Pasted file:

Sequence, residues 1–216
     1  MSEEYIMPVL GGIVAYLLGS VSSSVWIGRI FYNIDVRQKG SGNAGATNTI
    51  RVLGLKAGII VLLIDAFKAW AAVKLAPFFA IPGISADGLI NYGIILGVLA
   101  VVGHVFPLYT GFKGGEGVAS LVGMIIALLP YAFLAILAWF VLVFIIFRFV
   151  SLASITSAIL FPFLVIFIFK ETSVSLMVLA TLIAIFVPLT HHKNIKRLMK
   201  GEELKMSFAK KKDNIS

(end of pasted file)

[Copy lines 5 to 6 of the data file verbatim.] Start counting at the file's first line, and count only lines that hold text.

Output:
   151  SLASITSAIL FPFLVIFIFK ETSVSLMVLA TLIAIFVPLT HHKNIKRLMK
   201  GEELKMSFAK KKDNIS